However, if you happen to know that your friends do look down on you for the way you live, maybe you need new friends. Spend less time with financial frenemies and more with people whose lifestyles and budgets are similar to yours.
3. Fear of Failure
Failure is a normal part of life, and especially of business life. It’s hard to name anyone who’s gone through life without ever failing at anything. Of course, no one likes to fail, but most people just pick themselves up and move on. Sometimes the failure even motivates them to try harder and helps them succeed next time.
However, some people hate the idea of failure so much that they’d rather not try something at all than try and fail. Maybe they had overly strict parents who criticized them every time they did a less-than-perfect job, or maybe they suffered a humiliating failure in the past that they can’t bear to repeat. Whatever the reason, their fear of failure holds them back from trying new things.
How It Costs You Money
Suppose you’re thinking of starting a small business. However, you’ve seen data from the Bureau of Labor Statistics showing that roughly half of all new businesses fail within their first six years. Faced with that fact, it just seems too risky to trade in a steady job, even a job you hate, for a business venture you can’t be sure of.
What you overlook in this situation is that you’re certain to fail if you never try. Sure, there’s no guarantee your new business will succeed, but as long as you have enough emergency savings, your family will be able to get by even if it fails. And if you don’t try, you have no way of knowing whether your new business could have been the next Facebook.
Fear of failure could also keep you from changing careers because you’re afraid no one will hire you in a field where you have no experience. Or it could keep you slogging away in graduate school because you’re convinced you won’t be able to get a job without that advanced degree. Mihaela Jekic of Money for Meaning estimates that her decision to keep working toward her Ph.D. for fear that employers would reject her if she “settled for a Master’s” cost her over $300,000 in lost wages and investment returns.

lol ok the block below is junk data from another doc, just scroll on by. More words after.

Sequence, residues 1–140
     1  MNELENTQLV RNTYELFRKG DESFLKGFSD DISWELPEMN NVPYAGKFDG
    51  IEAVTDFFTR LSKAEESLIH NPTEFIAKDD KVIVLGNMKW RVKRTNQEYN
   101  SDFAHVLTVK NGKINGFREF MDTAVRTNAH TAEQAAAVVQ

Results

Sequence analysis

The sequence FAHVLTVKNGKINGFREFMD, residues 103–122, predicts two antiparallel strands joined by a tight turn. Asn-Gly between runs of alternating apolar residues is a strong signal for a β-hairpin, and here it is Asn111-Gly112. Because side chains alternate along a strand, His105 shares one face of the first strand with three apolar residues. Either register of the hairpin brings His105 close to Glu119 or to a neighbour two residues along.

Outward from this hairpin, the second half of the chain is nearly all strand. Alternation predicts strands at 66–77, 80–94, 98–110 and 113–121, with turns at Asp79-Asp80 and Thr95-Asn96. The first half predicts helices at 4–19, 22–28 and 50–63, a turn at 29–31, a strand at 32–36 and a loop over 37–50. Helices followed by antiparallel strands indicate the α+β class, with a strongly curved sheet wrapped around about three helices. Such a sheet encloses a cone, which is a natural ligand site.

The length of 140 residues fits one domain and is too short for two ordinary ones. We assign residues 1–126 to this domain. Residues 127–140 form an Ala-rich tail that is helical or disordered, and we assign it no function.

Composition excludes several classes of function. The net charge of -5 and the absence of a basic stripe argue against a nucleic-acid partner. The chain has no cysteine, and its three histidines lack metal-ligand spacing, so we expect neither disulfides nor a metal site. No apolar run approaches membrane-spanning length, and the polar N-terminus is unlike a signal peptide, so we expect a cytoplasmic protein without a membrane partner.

How to Overcome It
There are several ways to get past the fear of failure. These include:
- Seeing the Upside of Failure. Often, what looks like a failure paves the path to future success. For instance, when Thomas Edison developed his light bulb, he tested thousands of filaments before hitting on one that worked well enough to be marketable. When asked about these numerous “failures,” Edison famously responded that he had not failed; he had succeeded in discovering thousands of ways that didn’t work. Similarly, Steve Jobs failed spectacularly with the Apple Lisa, his first attempt to develop a computer that used a graphical user interface, but many of the features of that computer later became part of Apple’s hugely successful Macintosh.